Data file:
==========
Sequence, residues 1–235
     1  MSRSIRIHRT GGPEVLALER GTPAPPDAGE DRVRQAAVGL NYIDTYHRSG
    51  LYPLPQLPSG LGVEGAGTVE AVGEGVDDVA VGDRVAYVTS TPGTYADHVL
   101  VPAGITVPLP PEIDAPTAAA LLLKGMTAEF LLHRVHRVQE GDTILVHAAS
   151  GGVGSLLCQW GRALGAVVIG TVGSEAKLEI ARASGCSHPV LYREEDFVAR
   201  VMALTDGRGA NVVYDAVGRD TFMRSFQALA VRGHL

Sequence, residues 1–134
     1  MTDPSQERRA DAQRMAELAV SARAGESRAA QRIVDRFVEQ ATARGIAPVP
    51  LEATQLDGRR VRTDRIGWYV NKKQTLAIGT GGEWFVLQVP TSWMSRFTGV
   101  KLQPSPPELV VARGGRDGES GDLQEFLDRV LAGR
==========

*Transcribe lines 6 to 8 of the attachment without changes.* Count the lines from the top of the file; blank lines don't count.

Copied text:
   201  VMALTDGRGA NVVYDAVGRD TFMRSFQALA VRGHL

Sequence, residues 1–134
     1  MTDPSQERRA DAQRMAELAV SARAGESRAA QRIVDRFVEQ ATARGIAPVP